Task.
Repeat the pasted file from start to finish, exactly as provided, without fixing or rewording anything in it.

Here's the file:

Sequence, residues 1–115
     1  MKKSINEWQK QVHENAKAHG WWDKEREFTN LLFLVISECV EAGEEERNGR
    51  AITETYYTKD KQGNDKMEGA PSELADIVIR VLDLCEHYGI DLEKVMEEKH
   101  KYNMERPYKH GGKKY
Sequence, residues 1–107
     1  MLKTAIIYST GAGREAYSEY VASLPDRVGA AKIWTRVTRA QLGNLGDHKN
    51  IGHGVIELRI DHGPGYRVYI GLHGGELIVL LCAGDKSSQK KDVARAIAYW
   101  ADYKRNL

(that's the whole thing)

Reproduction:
Sequence, residues 1–115
     1  MKKSINEWQK QVHENAKAHG WWDKEREFTN LLFLVISECV EAGEEERNGR
    51  AITETYYTKD KQGNDKMEGA PSELADIVIR VLDLCEHYGI DLEKVMEEKH
   101  KYNMERPYKH GGKKY
Sequence, residues 1–107
     1  MLKTAIIYST GAGREAYSEY VASLPDRVGA AKIWTRVTRA QLGNLGDHKN
    51  IGHGVIELRI DHGPGYRVYI GLHGGELIVL LCAGDKSSQK KDVARAIAYW
   101  ADYKRNL